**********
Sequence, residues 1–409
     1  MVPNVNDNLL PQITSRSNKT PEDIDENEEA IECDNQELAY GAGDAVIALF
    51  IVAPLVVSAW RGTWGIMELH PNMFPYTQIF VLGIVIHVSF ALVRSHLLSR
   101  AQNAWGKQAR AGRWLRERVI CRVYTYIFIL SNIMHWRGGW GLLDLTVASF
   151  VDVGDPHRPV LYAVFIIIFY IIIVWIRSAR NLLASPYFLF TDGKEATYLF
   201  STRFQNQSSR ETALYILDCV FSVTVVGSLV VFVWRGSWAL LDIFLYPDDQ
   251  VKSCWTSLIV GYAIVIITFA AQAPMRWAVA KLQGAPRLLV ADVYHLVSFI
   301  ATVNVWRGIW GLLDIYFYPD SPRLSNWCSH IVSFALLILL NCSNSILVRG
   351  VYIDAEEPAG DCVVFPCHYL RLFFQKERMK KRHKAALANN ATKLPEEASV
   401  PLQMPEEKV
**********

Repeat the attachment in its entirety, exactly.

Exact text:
Sequence, residues 1–409
     1  MVPNVNDNLL PQITSRSNKT PEDIDENEEA IECDNQELAY GAGDAVIALF
    51  IVAPLVVSAW RGTWGIMELH PNMFPYTQIF VLGIVIHVSF ALVRSHLLSR
   101  AQNAWGKQAR AGRWLRERVI CRVYTYIFIL SNIMHWRGGW GLLDLTVASF
   151  VDVGDPHRPV LYAVFIIIFY IIIVWIRSAR NLLASPYFLF TDGKEATYLF
   201  STRFQNQSSR ETALYILDCV FSVTVVGSLV VFVWRGSWAL LDIFLYPDDQ
   251  VKSCWTSLIV GYAIVIITFA AQAPMRWAVA KLQGAPRLLV ADVYHLVSFI
   301  ATVNVWRGIW GLLDIYFYPD SPRLSNWCSH IVSFALLILL NCSNSILVRG
   351  VYIDAEEPAG DCVVFPCHYL RLFFQKERMK KRHKAALANN ATKLPEEASV
   401  PLQMPEEKV